29% of teachers say Intelligent Design should be taught in science lessons
7th November 2008
As indicated by this article in the Guardian, this debate seems to have transversed the Atlantic and is gaining momentum in British society.
Whether evolutionary theory is the only legitimate scientific explanation for the existence of life begs the question, ‘What is science?’ For, if science classes in schools covers that which falls under the remit of science, then creationism and intelligent design must first fulfil the criteria to be a considered science. Otherwise, their place is within religious studies or the general humanities.
Advocates of intelligence design might argue that the problem lies with our education system that delineates so severely between different subjects as if they were self contained entities. The very fact that we place such emphasis on science as a subject that tells us how the world ‘really is’ assumes that there is something particularly special about its methods and results. Religious studies in contrast, is usually reduced to a minor (and ‘easy’) subject.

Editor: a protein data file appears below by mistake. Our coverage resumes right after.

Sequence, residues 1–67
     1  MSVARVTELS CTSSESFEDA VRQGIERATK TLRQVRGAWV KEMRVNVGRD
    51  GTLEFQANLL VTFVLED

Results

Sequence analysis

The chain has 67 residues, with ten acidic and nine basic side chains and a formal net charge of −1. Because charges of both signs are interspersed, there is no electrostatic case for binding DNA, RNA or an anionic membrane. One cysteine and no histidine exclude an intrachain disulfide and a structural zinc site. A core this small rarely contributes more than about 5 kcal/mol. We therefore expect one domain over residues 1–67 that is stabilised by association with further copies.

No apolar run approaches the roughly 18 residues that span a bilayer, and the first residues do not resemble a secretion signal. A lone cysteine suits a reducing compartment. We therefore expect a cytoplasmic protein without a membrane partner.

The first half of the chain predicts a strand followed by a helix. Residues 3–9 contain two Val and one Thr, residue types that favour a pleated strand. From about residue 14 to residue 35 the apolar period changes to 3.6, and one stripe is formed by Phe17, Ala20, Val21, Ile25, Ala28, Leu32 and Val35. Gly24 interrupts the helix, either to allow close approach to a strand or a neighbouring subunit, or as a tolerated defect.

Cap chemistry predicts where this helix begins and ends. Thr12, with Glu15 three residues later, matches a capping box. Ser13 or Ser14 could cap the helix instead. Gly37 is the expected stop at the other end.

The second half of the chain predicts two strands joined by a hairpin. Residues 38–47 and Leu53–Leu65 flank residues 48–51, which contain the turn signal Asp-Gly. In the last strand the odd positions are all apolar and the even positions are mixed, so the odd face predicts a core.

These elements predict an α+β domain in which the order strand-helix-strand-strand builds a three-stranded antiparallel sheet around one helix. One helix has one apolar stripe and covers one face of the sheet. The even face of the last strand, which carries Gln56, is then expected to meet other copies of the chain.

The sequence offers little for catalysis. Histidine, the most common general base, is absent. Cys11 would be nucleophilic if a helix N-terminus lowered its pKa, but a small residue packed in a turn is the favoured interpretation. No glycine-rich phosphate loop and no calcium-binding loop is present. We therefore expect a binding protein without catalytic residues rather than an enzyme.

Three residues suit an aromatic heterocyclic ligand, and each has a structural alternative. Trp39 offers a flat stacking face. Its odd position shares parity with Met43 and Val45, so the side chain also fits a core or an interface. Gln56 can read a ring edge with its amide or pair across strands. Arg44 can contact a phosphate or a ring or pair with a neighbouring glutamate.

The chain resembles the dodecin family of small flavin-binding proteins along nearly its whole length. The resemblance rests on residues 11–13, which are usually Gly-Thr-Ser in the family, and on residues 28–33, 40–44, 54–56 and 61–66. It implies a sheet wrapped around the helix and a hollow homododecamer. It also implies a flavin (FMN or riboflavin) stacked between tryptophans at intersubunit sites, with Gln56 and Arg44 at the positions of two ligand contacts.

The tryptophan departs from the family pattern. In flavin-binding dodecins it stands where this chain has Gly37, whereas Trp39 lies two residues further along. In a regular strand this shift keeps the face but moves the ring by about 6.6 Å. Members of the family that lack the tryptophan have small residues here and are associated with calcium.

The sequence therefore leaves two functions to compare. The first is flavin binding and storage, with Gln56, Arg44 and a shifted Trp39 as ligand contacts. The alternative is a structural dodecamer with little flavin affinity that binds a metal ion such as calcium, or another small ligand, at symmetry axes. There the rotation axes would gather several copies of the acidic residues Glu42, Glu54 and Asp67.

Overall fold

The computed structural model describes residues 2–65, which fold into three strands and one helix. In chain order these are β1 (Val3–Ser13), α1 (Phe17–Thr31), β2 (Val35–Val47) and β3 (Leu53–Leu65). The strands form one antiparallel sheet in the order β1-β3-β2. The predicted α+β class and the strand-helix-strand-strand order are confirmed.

This debate highlights limitations with our education system and the gravitas we give to particular subjects without studying the foundational assumptions upon which they rest. Where, in the national curriculum, is there any real discussion about what is science, and whether scientific methods are better than any other ways of understanding the world? This seems fundamental to the whole argument.
I have no truck with those that believe in intelligent design nor creationism but I do sympathise with their efforts to question the whole system of science education in schools. I would not advocate that either theory gets taught as part of the science curriculum, for they are not sciences, but I do think there should be a place for students to discuss the underpinning assumptions about science.